• Initiate European and transatlantic dialogue on the human-centred use of AI in the world of work.
  • As part of a National Further Training Strategy, develop a broad-based set of instruments to foster the skills of the workforce.
  • Use the results of a new skills monitoring to inform and develop the Skilled Labour Strategy in the fields of digital skills and new technologies such as AI.
  • Safeguard the possibilities for works councils to engage in codetermination when it comes to the introduction and use of AI.
  • Fund in-company-based test beds for AI applications in the world of work.
  • Fund AI applications to benefit the environment and the climate, and develop assessment principles for this. Our goal is to initiate 50 flagship applications in this field.

3) Integrating AI in society in ethical, legal, cultural and institutional terms in the context of a broad societal dialogue and active political measures.

  • Invite data protection authorities and business associations for a round table and work together to develop joint guidelines for developing and using AI systems in a way that is compatible with data protection rules and to highlight best practice examples.
  • Provide funding for the development of innovative applications that support self-determination, social inclusion, cultural participation and the protection of citizens’ privacy.
  • Establish a Digital Work and Society Future Fund to get the message out and to promote multidisciplinary social technology design.
  • Further develop the Learning Systems Platform to become the Artificial Intelligence Platform hosting a dialogue between government, science and commerce with civil society.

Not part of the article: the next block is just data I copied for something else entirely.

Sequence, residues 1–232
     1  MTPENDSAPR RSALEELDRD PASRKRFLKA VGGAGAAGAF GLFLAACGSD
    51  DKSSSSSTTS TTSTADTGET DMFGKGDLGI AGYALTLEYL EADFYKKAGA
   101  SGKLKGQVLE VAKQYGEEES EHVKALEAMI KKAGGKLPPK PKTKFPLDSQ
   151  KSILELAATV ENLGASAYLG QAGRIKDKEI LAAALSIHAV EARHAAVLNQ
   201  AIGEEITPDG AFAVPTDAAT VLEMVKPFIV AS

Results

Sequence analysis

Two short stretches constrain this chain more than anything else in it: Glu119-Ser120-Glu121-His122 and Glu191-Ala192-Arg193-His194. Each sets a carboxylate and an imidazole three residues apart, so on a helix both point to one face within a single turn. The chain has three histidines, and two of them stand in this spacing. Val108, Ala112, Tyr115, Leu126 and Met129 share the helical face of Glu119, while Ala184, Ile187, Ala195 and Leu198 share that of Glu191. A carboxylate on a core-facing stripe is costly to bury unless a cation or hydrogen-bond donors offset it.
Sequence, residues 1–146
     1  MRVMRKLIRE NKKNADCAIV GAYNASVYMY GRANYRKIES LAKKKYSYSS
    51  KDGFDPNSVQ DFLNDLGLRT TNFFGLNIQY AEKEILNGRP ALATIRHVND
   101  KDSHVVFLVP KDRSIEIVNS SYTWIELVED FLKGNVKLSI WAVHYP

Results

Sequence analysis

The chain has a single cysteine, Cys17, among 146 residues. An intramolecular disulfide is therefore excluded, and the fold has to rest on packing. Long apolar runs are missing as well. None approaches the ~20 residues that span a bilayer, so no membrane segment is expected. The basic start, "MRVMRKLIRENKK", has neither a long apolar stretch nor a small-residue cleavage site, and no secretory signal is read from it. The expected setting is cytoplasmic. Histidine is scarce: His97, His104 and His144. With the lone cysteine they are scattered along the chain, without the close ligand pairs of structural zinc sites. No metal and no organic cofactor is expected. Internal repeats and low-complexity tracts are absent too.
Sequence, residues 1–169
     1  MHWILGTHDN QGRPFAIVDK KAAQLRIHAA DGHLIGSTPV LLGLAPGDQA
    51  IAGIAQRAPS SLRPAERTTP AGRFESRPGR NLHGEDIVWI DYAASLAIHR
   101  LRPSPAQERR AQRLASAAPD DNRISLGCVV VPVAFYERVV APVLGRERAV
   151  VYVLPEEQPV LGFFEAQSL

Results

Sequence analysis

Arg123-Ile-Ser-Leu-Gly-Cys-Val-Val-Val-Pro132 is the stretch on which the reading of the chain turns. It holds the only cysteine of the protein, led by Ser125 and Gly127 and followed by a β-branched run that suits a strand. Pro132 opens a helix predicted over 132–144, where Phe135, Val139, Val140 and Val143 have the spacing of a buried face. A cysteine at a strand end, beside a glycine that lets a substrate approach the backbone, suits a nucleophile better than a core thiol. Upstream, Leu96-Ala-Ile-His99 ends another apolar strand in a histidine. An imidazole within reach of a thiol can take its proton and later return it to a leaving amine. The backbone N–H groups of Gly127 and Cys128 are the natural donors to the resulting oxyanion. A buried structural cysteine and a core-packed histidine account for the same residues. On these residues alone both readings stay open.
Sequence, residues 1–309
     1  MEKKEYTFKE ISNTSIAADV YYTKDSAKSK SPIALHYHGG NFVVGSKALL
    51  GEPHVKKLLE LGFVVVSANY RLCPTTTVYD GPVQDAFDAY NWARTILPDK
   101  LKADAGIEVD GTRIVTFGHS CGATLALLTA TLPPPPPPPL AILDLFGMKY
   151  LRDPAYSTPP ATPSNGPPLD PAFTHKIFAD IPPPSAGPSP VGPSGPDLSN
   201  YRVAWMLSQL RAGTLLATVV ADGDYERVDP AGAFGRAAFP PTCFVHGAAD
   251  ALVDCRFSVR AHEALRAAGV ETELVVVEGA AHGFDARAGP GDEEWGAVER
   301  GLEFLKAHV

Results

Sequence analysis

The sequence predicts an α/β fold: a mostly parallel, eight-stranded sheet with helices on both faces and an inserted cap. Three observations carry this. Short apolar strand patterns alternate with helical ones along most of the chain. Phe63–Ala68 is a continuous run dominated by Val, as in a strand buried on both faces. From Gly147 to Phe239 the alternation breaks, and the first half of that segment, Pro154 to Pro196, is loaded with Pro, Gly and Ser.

Koch outlines in the beginning the weight in the strategy placed on educating and informing society so that everyone can participate. He then mentions the 12 fields of action, here strongly abbreviated:

  1. Strengthening research
  2. Innovation competitions and European innovation clusters
  3. Enable integration into business (also for SMEs)
  4. Fostering the founding of new AI businesses
  5. Support the changing labour market
  6. Strengthening vocational training and attracting skilled labour
  7. Using AI in public administration
  8. Making data available and facilitating use
  9. Adapting regulatory framework
  10. Setting standards
  11. National and international networking
  12. Engaging in dialogue with society and develop framework for policy action
A banner picture from the Germany AI website retrieved on the 4th of January

EDIT: I found an english version of the strategy and will look over it!

It can be found here Full document as PDF. Thank you C. Koch for sharing.

This is #500daysofAI and you are reading article 213. I am writing one new article about or related to artificial intelligence every day for 500 days. My current focus for 100 days 200–300 is national and international strategies for artificial intelligence.

AI Policy and Ethics at www.nora.ai. Student at University of Copenhagen MSc in Social Data Science. All views are my own. twitter.com/AlexMoltzau